When US President Obama met with Chinese President Xi Jinping, he was planning to raise the thorny issue of China’s alleged sustained hacking of US computers and ongoing theft of US intellectual property. The importance of the issue of Chinese hacking had been heightened in recent months with the escalation in reports of US businesses being hacked and having information stolen. As a consequence of this, the US Senate is considering a bill requiring the President to block imports of products that use stolen US technology or are made by companies implicated in computer theft. Exactly how these companies would be identified of course remains to be seen. But the point is that the hacking has become a central threat to the US across a broad range of fronts.
Any intention to raise this fully with the Chinese President however was completely undermined by the the revelations that the US have also been engaged in the systematic hacking of Chinese assets via their secret service surveillance program, Prism. Obama has subsequently tried to make a clear distinction between what he terms cyber attacks from China and what he believes the US is doing which is solely undertaking surveillance for counter-terrorism purposes.
Of course, this was all before NSA whistle-blower Edward Snowden revealed that in additon to the mass surveillance by Prism, the US had been directly hacking computers in Hong Kong and the Chinese mainland since 2009. Chinese targets allegedly included Chinese university and public officials.
Making matters worse are fears that Snowden will defect to China taking all of the other secrets he has accumulated from his time with the NSA. For NSA director General Alexander, there is a benefit in building up the case against Snowden by talking about the extreme harm he has created to US security by his revelations. Whether this is really the case will depend on the nature of the secrets Snowden had access to. So far, the revelations Snowden has made have been about what things have been done, rather than any specific details of how. For example, Snowden has talked in general terms of the US targeting “Internet routers” to give them access to “hundreds of thousands of computers”. This information might allow the Chinese to re-examine the security of these routers and adopt defensive procedures against future attacks, but unless Snowden is also able to reveal exactly how these hacks worked, it gives the Chinese only a small advantage.
In terms of how much Snowden’s knowledge would help the Chinese, the question to consider is how much of this information do they already know? The Chinese have applied huge resources to building up their cyber security capabilities, for offense certainly but also likely for defensive strategies. They have also gained a huge amount of information through their hacking activities to date. According to one report since 2006, a single Chinese espionage group (PLA61398) has stolen hundreds of terabytes of data from at least 141 companies across 20 industries including aerospace and defence.
So would it come as a great surprise to the Chinese that the US have compromised network infrastructure or computer assets in Hong Kong and China? Probably not. The Chinese have claimed in the past that they have “mountains of data” concerning cyber attacks on China, many of which emanated from the US. It is likely that they are only too aware of the extent of the US’s abilities in this area. Snowden’s information might help in narrowing down the range of areas to focus on.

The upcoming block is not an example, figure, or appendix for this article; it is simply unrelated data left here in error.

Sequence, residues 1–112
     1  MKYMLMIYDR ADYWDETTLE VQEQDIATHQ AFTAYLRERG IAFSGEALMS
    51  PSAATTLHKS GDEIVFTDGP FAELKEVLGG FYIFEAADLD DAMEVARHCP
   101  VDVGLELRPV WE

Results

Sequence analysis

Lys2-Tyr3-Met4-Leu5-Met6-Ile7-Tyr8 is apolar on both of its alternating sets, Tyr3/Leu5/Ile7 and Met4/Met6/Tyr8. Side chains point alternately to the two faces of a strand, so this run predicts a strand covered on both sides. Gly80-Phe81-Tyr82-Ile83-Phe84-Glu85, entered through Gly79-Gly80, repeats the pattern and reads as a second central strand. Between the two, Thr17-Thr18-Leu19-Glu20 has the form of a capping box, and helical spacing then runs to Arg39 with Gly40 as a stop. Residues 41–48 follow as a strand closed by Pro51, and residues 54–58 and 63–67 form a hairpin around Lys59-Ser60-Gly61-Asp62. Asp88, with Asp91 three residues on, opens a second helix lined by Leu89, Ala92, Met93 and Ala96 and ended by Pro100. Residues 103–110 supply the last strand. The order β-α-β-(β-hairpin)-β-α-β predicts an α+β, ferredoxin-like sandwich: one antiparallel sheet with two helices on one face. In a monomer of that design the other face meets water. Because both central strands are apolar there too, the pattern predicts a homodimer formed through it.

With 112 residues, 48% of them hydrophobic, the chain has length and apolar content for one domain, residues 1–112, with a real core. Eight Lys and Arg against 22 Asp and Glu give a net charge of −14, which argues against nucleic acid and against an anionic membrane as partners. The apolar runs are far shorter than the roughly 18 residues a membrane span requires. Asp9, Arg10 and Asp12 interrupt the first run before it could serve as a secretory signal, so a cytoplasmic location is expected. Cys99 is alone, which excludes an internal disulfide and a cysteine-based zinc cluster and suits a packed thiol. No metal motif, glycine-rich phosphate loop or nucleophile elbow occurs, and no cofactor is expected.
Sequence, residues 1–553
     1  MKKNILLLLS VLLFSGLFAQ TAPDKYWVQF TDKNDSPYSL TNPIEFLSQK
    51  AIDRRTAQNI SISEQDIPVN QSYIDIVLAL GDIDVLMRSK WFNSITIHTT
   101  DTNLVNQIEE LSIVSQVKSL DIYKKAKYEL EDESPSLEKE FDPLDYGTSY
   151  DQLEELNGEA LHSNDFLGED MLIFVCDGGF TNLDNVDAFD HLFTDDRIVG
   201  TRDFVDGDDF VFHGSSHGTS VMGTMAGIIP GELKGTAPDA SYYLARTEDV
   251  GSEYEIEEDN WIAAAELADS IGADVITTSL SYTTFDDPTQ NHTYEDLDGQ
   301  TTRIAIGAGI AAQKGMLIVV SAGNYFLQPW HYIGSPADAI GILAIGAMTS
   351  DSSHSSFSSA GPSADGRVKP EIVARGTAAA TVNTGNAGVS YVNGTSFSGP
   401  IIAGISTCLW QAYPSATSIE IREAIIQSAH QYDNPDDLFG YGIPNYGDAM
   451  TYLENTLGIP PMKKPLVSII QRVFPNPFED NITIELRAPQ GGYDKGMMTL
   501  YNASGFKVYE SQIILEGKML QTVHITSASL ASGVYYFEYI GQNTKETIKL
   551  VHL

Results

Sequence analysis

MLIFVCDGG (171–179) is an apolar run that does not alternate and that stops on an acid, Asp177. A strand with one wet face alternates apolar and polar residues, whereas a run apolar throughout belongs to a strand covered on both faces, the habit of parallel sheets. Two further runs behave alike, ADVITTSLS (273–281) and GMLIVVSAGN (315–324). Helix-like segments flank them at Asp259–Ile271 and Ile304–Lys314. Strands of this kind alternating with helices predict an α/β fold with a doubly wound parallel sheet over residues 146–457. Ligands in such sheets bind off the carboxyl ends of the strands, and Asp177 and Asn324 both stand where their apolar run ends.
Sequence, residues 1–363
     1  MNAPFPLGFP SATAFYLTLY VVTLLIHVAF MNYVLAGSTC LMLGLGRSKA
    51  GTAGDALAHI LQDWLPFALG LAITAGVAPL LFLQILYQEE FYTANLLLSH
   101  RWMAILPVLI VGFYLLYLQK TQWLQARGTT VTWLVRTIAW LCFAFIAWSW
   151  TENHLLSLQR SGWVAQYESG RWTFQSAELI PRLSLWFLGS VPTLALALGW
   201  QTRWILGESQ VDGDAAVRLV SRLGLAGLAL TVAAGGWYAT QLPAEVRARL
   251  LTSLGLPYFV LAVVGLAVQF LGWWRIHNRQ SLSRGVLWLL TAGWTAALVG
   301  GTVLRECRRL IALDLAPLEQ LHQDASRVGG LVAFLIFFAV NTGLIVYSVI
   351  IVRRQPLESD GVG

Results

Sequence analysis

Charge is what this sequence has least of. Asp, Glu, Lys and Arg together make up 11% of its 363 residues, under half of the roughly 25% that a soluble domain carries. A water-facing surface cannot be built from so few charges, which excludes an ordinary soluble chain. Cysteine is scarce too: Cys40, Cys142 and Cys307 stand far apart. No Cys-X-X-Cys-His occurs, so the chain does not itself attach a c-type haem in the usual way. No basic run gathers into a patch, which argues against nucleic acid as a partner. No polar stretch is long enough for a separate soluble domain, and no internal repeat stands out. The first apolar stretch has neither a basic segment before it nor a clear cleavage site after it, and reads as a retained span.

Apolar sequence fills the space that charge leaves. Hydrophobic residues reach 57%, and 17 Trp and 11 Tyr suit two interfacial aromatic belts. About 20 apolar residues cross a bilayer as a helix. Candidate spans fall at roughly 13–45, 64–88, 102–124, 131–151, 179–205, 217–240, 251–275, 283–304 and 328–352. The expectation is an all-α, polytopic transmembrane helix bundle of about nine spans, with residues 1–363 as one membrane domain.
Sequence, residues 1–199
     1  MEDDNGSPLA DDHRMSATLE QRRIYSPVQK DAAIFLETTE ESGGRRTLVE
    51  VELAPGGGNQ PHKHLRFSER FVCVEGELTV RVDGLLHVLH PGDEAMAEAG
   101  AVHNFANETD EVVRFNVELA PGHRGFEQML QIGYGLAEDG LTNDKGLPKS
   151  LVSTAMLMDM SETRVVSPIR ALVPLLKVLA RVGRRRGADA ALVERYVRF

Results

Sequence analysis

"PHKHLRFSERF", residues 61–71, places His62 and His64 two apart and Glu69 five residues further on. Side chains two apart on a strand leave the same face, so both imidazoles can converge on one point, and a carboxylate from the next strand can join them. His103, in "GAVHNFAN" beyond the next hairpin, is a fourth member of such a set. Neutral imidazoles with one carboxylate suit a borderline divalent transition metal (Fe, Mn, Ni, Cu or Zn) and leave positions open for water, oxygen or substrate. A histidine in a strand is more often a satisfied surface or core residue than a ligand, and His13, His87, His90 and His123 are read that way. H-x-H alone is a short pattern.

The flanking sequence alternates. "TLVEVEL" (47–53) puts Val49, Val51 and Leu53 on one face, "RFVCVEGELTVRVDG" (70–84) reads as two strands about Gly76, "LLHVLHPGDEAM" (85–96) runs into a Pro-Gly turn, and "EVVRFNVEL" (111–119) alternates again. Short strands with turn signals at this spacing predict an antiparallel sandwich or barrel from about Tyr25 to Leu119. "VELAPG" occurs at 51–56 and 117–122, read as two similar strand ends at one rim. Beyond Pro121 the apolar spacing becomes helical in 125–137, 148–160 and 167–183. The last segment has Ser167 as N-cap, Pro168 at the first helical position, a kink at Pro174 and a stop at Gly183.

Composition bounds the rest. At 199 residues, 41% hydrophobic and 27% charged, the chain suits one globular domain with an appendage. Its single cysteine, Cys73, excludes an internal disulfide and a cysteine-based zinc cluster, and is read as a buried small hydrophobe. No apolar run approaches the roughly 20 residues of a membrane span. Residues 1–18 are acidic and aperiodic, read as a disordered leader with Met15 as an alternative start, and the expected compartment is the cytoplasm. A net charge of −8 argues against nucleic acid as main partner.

We are likely in the midst of a global Cyber War that is in essence a continuation of the Cold War. The potential military and industrial gains of cyber-espionage are so great that it is difficult to see any rationale for any country to stop engaging in it.
Before the secrets of Prism and Snowden’s other revelations were made public, it was possible for the US to take the higher ground and make demands on China to act to curb the attacks. Since the revelations however, their position has been extremely weakened and any demands will just sound hollow. What this will mean is that countries will need to expend more money and resources on shoring up their defences with the expectation that the cyber attacks will not only continue, but will inexorably get worse.
Another question arising out of the ongoing exchange of cyber hostilities between the US and China is whether the US will eventually take steps to reduce its reliance on electronics and electronic products built outside of the US. As with the move to make the US less reliant on external sources of oil and gas, Obama and future presidents may decide that independence in the area of manufacturing vital electronics is even more important. This would have the effect of lessening the reliance on China even if it made these goods more expensive.
Whatever the path, it is fair to say that the relationship between China and the US will be tested in the coming weeks, especially if Snowden defects to China or is given safe harbour in Hong Kong. Whether China actually wants to accept Snowden if he decided to defect is another matter. Snowden might present the Chinese Government with more problems than any potential advantages. Both governments are perhaps wishing that they were living in less interesting times.